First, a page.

2024: Stopping Trump, Renewing Democracy
Next year is about more than defeating a wannabe dictator—it’s also an opportunity for a grand reaffirmation of democracy.
THE 2024 ELECTION WILL EFFECTIVELY BE an up or down vote on American democracy. Donald Trump tried to overthrow the Constitution in 2020, failed, and spent the next three years lying about elections, getting indicted for his coup attempt (among other things), plotting to remove the barriers that stopped him, and vowing to turn the federal government into a tool of personal revenge. A majority of Republicans are apparently into it, and a plurality of Americans aren’t opposed. Unless Trump unexpectedly dies, he will be the Republican nominee, and he will either be defeated next Election Day or re-elected to the White House to break the system.
The stakes could not be higher, and major media outlets have finally started acting that way. Dropping the usual sanitizing euphemisms and forced “both sides” framing, the New York Times and Axios straightforwardly reported the likelihood that returning Trump to the White House would end American democracy. The Atlantic devoted an entire issue to that risk, including Team Trump’s plans to corrupt the federal bureaucracy. The biggest splash came from a Washington Post essay by Robert Kagan under the headline “A Trump dictatorship is increasingly inevitable.”
As A.B. Stoddard noted yesterday, this surge of candid coverage—provoked by Trump and his team saying “too much too soon” about their intentions—is a positive development, providing voters with “valuable information” about the choice they face. And for the media, it’s good preparation for how they ought to cover Trump in the challenging year ahead, emphasizing (as NYU journalism professor Jay Rosen puts it) “not the odds, but the stakes.” Focus more on what voters will be deciding, not on who is up or down at the moment. It’s an election, not a sports event.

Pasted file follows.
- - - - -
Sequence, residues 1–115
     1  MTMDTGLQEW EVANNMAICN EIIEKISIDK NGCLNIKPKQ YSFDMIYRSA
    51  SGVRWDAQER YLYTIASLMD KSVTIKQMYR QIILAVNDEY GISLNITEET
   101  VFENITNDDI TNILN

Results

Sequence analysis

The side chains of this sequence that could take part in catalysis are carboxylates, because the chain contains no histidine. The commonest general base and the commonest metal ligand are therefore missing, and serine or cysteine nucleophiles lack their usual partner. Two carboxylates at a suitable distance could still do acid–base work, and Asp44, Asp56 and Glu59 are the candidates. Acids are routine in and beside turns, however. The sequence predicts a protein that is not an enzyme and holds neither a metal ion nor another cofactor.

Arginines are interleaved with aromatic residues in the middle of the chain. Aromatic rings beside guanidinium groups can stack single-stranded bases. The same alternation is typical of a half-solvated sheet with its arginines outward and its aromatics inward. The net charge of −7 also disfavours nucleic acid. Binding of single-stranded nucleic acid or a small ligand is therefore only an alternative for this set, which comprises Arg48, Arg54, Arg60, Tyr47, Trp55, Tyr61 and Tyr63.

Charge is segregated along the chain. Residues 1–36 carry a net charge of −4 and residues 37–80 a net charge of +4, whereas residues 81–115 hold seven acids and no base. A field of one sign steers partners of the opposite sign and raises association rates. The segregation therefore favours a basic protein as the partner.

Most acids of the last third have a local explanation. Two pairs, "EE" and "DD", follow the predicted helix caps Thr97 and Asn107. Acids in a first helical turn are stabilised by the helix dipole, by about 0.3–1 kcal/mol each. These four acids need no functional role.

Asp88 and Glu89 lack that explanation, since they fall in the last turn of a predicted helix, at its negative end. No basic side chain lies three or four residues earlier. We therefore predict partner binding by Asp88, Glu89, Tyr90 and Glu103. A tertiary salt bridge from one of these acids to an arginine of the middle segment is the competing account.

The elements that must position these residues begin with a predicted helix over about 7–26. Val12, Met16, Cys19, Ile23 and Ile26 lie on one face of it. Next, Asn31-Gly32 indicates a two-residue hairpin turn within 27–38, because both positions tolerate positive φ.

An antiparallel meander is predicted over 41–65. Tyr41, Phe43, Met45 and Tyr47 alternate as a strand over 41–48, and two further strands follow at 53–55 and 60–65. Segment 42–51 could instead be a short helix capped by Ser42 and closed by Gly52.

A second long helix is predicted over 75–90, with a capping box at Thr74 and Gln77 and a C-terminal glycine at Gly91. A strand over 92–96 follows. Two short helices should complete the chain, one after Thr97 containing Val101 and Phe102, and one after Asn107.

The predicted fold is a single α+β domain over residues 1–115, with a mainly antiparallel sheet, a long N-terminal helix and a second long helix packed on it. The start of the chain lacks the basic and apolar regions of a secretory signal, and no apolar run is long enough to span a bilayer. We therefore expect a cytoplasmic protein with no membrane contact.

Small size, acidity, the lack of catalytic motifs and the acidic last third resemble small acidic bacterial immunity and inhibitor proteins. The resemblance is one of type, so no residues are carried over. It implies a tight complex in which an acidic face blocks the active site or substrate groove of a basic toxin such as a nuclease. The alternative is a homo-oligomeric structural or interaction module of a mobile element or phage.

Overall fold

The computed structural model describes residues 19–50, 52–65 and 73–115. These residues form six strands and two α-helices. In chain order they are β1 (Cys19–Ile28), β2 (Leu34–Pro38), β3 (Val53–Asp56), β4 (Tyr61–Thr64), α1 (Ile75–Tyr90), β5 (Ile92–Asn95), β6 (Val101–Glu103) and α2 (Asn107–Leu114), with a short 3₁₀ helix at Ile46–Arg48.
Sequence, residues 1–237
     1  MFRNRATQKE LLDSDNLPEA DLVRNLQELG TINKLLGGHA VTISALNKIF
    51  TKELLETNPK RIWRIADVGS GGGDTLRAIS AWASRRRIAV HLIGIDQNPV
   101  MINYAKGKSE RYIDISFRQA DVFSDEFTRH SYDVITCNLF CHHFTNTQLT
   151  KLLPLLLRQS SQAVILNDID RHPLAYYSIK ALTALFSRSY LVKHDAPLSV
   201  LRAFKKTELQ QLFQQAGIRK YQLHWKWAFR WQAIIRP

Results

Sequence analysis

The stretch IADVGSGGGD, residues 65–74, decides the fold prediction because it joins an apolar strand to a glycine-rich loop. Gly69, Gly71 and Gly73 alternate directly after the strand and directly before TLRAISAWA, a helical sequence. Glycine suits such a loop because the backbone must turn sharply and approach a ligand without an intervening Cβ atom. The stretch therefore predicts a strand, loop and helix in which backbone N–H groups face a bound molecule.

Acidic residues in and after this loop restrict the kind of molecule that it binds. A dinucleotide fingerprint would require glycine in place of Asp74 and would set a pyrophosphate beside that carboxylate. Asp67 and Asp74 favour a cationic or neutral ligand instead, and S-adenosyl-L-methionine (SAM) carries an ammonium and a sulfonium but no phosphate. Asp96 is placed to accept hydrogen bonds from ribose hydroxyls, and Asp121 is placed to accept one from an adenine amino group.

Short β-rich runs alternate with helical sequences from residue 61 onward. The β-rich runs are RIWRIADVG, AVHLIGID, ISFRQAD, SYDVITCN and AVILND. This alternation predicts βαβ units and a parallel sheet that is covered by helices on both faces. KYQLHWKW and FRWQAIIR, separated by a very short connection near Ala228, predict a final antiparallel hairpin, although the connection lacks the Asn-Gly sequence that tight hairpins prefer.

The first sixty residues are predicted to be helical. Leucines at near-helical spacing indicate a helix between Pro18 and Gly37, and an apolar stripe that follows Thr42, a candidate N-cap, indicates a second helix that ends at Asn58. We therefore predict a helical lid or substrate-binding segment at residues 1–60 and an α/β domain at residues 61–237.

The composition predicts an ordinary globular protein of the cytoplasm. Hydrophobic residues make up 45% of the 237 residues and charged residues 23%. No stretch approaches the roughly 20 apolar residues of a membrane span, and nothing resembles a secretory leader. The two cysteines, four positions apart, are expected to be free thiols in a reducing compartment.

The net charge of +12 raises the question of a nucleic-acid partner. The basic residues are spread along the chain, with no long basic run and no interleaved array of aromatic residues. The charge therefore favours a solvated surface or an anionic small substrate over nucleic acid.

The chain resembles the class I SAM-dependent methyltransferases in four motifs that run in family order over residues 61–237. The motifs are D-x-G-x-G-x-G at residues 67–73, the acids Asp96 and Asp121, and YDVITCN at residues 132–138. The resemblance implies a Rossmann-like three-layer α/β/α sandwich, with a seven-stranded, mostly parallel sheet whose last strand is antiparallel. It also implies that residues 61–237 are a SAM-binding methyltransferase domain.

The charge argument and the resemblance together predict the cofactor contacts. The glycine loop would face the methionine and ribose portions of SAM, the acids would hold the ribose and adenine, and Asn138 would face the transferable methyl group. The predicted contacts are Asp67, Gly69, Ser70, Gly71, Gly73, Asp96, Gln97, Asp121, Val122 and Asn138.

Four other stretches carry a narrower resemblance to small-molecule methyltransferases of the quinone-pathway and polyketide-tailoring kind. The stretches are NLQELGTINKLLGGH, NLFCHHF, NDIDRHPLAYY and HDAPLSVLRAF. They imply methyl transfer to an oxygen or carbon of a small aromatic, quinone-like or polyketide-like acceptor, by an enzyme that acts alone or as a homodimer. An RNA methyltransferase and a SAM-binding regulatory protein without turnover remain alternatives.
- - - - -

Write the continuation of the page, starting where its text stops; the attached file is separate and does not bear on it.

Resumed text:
Yet emphasizing the stakes means more than just acknowledging the dangers of Trump’s potential re-election. Yes, Trump will get the Republican nomination and the party will line up behind him, giving him a live chance at the presidency. And yes, it’s reasonable to worry that if he becomes president again, he’ll take the United States from democracy to dictatorship. We’ve already seen him try, and unlike the last-minute personnel shuffles and frenetic coup-plotting in the last months of Trump’s term, his team and right-wing think tanks have planned how to get enough of their people into key positions to make it work. That’s extremely serious.